Finally, spring has begun to make its appearance. Southern latitudes may have experienced spring weather since the beginning of March, but further north, beyond the Canadian border, most places are still frozen in winter’s icy grip, though only for a short while longer. Up north, spring open-water fishing won’t begin until mid-May, while southern anglers have been launching boats since the end of February, if not all year. Even with differences in timing, many strategies that consistently catch our favorite fish work north and south.
Where Are The Walleyes?
Walleyes are one of the most sought after fish species in North America. Marble Eyes are challenging critters, they can grow to large proportions and are one of the best eating freshwater fish anywhere. Walleyes can be found in lakes, rivers and reservoirs as far south as Mississippi and Alabama, throughout the Midwest states, and as far north as the Yukon Territories in Canada.
No matter where they are found, walleyes must abide by their natural life cycle. In spring, spawning is the most important portion of this cycle. As with many creatures, walleye reproduction is practiced in yearly migrations. Rivers and tributaries are the keys to consistently finding prespawn and post-spawn walleyes.
Walleye, like salmon, return to their spawning beds every year. Before spawning begins, when water surface temperatures reach 45 to 50 degrees and the length of daylight is extended, walleyes stage near the entrances to spawning tributaries. This staging usually happens a month or more before spawning takes place. Anglers can take advantage of this staging period for some fantastic walleye catches.
Up north, ice anglers may find walleye within a few hundred yards to a mile from a spawning river. Jigging with large minnows, in 10 to 20 feet of water in staging areas, is a productive technique for tempting early spring walleyes. Anglers should move around until an accumulation of fish is found. Keep an eye on your electronics and experiment with jig size and color.
In the south, where boat access is possible, the same system applies. Walleyes will stage near spawning areas, actively feeding until they begin to move into the tributary. Shore anglers also experience fantastic catches at the mouths of rivers if they are there at the right time.
Whether in the south or north, presentations should be slow to motionless. Remember, water temperatures are cold, which significantly slows the walleye metabolism, making them incapable of chasing a fast-moving lure.
When walleyes begin to move into the rivers, so must you. In my experience, the largest female walleyes move earliest. They tend to find the best spots to wait until spawning conditions are right, then they move slowly upstream. Look for deeper, slower water and eddies. Once you have found likely areas, fish them vertically with jigs or three-way rigs.
Smaller male walleyes are much more active and spend a good portion of time in shallower water. Areas near gravel bars and other prime spawning areas can attract hundreds of fish. If you want to catch lots of smaller walleyes, look shallow near these spawning sights. Be sure to try the bottom of rapids or falls. Male walleyes sit close by, waiting for bits of food or wounded baitfish to float past.
Here is one technique I use to catch hundreds of walleyes each spring below rapids. First, use plastics. They are tough and short-biting walleye can’t tear them off. I can make thousands of casts with them and catch tons of fish before having to change baits. By using plastics, such as twisters and Flukes, you can keep your line in the water longer and keep your hands out of a cold bait bucket! Last spring my fishing partner and I caught more than 150 walleyes in an afternoon by tossing plastics below some rapids. We didn’t catch any really big fish, but we caught a fish on nearly every other cast.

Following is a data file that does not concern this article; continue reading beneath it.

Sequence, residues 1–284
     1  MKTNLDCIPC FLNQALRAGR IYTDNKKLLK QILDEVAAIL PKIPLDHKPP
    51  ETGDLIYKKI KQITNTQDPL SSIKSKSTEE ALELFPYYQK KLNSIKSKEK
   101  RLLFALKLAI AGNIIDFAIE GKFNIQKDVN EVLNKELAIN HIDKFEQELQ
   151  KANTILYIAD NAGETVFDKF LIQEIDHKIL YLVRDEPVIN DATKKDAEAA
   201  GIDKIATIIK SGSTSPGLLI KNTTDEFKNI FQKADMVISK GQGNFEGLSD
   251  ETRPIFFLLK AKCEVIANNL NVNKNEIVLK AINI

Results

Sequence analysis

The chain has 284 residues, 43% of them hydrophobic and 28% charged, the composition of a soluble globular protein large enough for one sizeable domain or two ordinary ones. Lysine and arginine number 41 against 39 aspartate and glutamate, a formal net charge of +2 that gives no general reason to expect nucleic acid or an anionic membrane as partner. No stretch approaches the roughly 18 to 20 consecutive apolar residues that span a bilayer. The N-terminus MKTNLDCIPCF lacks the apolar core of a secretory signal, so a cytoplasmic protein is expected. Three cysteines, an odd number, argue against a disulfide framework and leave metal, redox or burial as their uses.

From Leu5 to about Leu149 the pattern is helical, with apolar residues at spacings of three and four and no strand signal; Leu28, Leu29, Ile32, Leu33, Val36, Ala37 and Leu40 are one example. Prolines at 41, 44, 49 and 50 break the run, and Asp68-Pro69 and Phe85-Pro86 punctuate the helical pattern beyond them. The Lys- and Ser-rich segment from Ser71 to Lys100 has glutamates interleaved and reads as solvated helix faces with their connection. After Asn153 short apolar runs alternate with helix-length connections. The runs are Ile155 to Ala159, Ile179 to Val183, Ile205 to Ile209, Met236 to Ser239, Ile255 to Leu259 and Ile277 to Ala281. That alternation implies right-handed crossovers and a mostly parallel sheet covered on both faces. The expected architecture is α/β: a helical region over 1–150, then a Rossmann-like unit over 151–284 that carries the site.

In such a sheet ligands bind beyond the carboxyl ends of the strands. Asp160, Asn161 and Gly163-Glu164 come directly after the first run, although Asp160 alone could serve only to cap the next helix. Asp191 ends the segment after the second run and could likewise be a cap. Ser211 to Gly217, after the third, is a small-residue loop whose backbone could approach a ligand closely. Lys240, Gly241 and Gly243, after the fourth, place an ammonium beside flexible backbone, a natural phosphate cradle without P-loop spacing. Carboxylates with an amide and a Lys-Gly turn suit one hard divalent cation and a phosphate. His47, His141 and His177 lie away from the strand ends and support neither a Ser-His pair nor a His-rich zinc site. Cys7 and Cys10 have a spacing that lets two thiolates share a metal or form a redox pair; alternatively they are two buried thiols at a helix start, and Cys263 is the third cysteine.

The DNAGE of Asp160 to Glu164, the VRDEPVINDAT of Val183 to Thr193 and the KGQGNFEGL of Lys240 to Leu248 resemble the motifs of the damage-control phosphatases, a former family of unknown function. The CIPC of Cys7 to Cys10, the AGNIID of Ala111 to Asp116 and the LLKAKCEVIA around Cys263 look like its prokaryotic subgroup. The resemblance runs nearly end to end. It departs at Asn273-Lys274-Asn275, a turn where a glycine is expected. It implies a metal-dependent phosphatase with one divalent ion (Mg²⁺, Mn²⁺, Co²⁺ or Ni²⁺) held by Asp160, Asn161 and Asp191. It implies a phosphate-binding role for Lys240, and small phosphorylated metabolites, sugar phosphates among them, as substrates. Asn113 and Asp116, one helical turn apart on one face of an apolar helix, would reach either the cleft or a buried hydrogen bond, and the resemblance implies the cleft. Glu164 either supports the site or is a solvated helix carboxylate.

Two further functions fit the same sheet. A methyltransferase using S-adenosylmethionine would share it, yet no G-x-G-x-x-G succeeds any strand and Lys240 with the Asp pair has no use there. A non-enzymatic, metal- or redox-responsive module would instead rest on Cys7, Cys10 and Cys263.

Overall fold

Once spawning has completed, walleyes will slowly move out of the tributaries and into the main lake. They often stop along the way, normally at the nearest structure that holds food. Search nearby weed beds, flats and eddies for post-spawn walleye. Don’t expect to catch the big girls. They often have lockjaw just after spawning. A trophy-sized female will start feeding again in a week or so following the spawn.
Spring is Green, Northern Pike Green That Is
Northern pike are the kings of the northland. Northerns must have cool- to cold-water environments to thrive, particularly large pike. The fact that they often spawn prior to ice out is pretty strong proof. If you’re after big pike, there’s no better time to be on the water.
Ice anglers often find northerns staging for the spawn around the beginning of March. In large northern lakes, where pike flourish, pike hunters usually start ice fishing near spawning areas. Spawning beds are found in weedy, marshy, shallow bays in the northwest section of a lake. If a small feeder creek or shallow stream pours into a spawning bay, the spot is even better. These areas warm the earliest and provide the first abundant prey for prespawn and post-spawn pike to feed on. Many pike wrap-up spawning before the ice is out so by the time the boats can be launched, anglers are attempting to hook post-spawn fish.
When I find a bay that carries pike, I often can confirm their presence very quickly. The fish are shallow and often sun themselves on the bottom. I can always see them, sometimes by the dozens, laying on the bottom or cruising the weed line. If I pass too close, a pike will dart away, leaving a puff of “smoke” or stirred-up bottom. It always pays to move into a bay slowly and, most importantly, quietly. Shut off the outboard motor and drift into the bay or use a trolling motor.
Timing is everything, and the best time to be in these big weedy bays is on calm, warm and clear days. Spring pike fishing is great for the angler who doesn’t like getting up early. Fish usually don’t become active until late in the morning. Early risers should enjoy early morning walleye or smallmouth fishing, then go after the big pike later in the day.
“Sight fishing” for early spring northern pike is much easier and more effective with polarized sunglasses. When a hot pike hole is found, polaroids provide the opportunity to see the fish long before they strike. Plus, it’s a real blast seeing these beasts assail your offerings.
I often work a number of lures until the pike tell me what they want. In the spring, slow presentations are the most productive. Start with four-to-five inch spoons or large jerkbaits. Personally, I use 5- to 7-inch suspending baits the most. On bright days, throw a bright color first.
If tossing slow, wobbling spoons or jerkbaits without success, try “dead baiting.” Dead baiting can be a real day-saver if pike are persnickety. A dead bait is just a large dead baitfish rigged under a float, cast out to a likely area and just left motionless. It isn’t a whole lot of fun at first, but when you see a trophy pike slowly slide up to your bait, believe me, your blood turns to ice.